Friday, July 17, 2009
Coming 'round the home stretch
Despite the mind-numbing legislative and budgetary processes that frame General Convention, I have, in fact, retained a firm grasp on the obvious.
Today is the last day of General Convention.
See, I have been paying attention. Indeed, I can't tell you how much I've been waiting for this day.
I, for one, am really glad General Convention will be shorter by two days next time. Yes, it's a great deal of work to be done in a very short period of time. But, I do think we can use technology to be more efficient, and ultimately, be better stewards not only of our financial resources, but more efficient managers of our time as well as employ a more effective application of our talent.
I'm also glad General Convention has been forced to limit national committees and standing commissions to have a 'face to face' meeting once a year. For far too long, many of those meetings have been seen as 'political junkets'.
This does place the bishops in an even greater, albeit 'unfair' advantage as they already meet much more than the 'Senior House'. Perhaps they will take the lead from clergy and laity on this issue as they have on other issues of justice and cut down their expensive junkets in the name of Jesus.
Today will be an opportunity for attempted 'end runs' by those who are unhappy with how General Convention has turned out. Back in the day (oh, less than 10 years ago) when most conservatives were known as 'conservatives' and not 'orthodox', the folks from N.O.E.L. (National Organization of Episcopalians for Life - which is now A.F.L. = Anglicans for Life) would submit last minute resolutions about reproductive choice, hoping that many from the more liberal or moderate deputations would have already gone home (many of them already had) and they could 'squeak' something by.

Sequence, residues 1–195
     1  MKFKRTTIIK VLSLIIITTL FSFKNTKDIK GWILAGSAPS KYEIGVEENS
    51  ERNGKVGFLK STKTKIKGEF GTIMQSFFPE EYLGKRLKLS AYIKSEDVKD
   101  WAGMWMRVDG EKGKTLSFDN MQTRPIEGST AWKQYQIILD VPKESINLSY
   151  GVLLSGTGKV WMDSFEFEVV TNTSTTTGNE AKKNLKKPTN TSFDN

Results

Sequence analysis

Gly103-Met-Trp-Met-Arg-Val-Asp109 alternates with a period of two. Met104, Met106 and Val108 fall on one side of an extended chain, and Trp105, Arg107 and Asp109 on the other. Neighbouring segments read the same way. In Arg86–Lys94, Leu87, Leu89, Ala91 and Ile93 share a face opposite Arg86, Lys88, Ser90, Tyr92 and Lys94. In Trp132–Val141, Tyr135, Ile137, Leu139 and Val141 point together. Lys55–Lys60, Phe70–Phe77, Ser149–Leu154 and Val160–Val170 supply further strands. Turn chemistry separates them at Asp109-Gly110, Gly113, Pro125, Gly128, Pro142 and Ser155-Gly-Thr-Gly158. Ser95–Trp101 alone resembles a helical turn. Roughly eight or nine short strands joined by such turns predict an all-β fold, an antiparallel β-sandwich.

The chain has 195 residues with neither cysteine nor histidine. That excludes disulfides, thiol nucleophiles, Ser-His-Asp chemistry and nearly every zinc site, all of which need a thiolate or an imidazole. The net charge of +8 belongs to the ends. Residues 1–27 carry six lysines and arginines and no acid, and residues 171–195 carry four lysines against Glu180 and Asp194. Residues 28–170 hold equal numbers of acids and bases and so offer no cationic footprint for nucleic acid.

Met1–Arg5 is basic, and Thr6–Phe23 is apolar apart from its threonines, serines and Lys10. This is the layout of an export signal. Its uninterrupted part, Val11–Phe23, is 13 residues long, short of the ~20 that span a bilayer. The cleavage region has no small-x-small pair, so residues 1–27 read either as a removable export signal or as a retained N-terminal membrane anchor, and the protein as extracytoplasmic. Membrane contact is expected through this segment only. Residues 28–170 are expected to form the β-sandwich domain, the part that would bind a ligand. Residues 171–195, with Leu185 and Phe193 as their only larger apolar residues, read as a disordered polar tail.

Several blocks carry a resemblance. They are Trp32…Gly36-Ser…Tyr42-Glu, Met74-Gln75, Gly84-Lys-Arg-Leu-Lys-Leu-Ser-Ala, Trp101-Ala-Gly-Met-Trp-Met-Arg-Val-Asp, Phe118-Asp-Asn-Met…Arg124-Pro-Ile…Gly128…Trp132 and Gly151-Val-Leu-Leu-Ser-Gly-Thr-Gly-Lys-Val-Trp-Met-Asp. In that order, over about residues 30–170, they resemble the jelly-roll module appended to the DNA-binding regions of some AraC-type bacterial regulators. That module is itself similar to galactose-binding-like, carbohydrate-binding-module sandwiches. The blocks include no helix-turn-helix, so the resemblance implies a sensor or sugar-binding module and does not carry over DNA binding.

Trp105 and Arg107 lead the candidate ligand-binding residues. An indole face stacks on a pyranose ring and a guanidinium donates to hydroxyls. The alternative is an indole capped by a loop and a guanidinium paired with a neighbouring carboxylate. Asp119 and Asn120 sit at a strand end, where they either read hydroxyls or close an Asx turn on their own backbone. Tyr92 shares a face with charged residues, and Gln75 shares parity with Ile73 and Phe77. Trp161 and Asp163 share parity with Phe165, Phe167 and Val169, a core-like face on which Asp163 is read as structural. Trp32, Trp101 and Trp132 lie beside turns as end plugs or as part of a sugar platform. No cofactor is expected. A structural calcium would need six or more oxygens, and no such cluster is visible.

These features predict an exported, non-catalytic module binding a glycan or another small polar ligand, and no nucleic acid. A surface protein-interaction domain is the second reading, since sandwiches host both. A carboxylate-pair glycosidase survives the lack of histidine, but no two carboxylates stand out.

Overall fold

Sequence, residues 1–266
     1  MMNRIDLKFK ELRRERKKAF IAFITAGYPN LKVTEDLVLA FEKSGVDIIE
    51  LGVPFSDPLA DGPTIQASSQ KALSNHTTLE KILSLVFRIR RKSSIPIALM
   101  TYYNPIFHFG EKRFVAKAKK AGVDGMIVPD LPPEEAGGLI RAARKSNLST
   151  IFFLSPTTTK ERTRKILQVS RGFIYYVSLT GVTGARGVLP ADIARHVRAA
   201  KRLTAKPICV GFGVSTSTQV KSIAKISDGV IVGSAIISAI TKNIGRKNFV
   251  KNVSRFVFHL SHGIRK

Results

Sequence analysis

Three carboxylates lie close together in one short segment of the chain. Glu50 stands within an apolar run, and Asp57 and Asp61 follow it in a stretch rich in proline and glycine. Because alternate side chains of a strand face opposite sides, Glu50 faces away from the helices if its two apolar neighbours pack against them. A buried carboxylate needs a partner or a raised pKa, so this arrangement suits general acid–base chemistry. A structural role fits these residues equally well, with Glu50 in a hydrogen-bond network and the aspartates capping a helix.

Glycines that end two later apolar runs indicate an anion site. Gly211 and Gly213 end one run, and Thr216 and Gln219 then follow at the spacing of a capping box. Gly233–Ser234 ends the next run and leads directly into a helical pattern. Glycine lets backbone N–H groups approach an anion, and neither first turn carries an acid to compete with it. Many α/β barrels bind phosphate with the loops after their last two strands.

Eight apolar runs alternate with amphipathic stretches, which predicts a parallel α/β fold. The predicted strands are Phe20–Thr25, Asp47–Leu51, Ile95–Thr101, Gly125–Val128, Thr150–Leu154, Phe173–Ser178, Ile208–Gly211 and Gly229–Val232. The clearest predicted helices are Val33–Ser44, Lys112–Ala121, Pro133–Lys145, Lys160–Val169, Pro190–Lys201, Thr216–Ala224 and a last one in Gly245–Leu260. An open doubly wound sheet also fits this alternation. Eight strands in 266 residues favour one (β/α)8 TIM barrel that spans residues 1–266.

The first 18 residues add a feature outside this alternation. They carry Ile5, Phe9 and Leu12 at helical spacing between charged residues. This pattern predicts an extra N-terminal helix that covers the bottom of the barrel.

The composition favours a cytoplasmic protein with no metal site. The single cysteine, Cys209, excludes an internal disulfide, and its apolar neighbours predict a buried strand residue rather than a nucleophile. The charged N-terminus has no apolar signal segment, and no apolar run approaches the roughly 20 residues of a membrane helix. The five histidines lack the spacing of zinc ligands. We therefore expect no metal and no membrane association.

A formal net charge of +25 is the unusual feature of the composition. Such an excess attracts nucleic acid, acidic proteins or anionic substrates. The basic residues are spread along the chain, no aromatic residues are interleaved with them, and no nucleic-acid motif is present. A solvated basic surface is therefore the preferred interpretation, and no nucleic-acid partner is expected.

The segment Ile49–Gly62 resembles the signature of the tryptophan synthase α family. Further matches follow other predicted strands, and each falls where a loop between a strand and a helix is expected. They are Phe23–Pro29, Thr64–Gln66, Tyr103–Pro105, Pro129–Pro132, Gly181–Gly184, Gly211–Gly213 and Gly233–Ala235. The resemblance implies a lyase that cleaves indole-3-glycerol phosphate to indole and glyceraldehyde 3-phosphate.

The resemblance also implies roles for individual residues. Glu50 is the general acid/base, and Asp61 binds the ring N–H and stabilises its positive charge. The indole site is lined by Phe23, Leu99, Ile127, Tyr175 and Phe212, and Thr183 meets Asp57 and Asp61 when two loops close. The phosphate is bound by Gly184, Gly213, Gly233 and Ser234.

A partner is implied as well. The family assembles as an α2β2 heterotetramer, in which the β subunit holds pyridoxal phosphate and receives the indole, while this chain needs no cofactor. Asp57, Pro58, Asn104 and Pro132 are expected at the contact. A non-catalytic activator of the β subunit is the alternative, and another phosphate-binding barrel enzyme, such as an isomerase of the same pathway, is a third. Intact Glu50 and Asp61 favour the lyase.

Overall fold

Not too many people go home early any more, but then again, not too many people try too many end-runs any more. It will be interesting to see what happens today.
The budget is probably the most disappointing development thus far. I'll have more to say on that later, but I'll say this (because while many are muttering it, I haven't seen it in print):
I think it is unconscionable for a church that purports to stand for justice to have cut 37 positions from the national church staff (7 retirements that will not be replaced and 30 positions eliminated) while not even considering lowering the salaries of those at the top in order to keep a few key positions.
You know. Like Evangelism. And, Mission. And, Anti-Racism. How are we supposed to accomplish our "Budget Priorities" without national staff to bring these programs to the congregational level?
Well, I suppose that question with all of its inherent "creative tension" will be one we learn to live into over the next three years.
Another thing: I think it's really, really important for our Presiding Bishop to be seen as a Global Religious Figure, but in this economy, perhaps her travel could have been cut back just a tad. You know, for the good of the whole.
We are a church which purports to 'do justice, love mercy and walk humbly with God'. Alas, that begins to ring shallow when our budget reveals that we value hierarchy more than a full incarnational embrace of that prophetic imperative.
Well, according to my little illustration at the top of this entry, the above was part of the 'vast cognitive waste land' of this blog post.
Time to bring this 'think piece', such as it is, to a merciful end.
Just like General Convention.
Off I go then, into the home stretch. Your prayers and comments have been a blessing through these grueling, impossibly long days. Thank you. More later.